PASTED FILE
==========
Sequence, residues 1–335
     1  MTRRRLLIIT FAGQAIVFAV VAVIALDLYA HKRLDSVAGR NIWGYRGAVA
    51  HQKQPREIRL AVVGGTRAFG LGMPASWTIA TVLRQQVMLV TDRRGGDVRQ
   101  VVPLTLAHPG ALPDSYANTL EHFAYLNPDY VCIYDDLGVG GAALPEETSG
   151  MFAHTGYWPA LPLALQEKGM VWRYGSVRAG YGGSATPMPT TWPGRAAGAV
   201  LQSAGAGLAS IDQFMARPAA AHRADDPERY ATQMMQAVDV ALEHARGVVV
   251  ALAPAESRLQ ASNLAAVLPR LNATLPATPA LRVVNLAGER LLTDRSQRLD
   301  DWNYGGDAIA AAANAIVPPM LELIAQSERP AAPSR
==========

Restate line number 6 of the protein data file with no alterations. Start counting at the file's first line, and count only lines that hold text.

   201  LQSAGAGLAS IDQFMARPAA AHRADDPERY ATQMMQAVDV ALEHARGVVV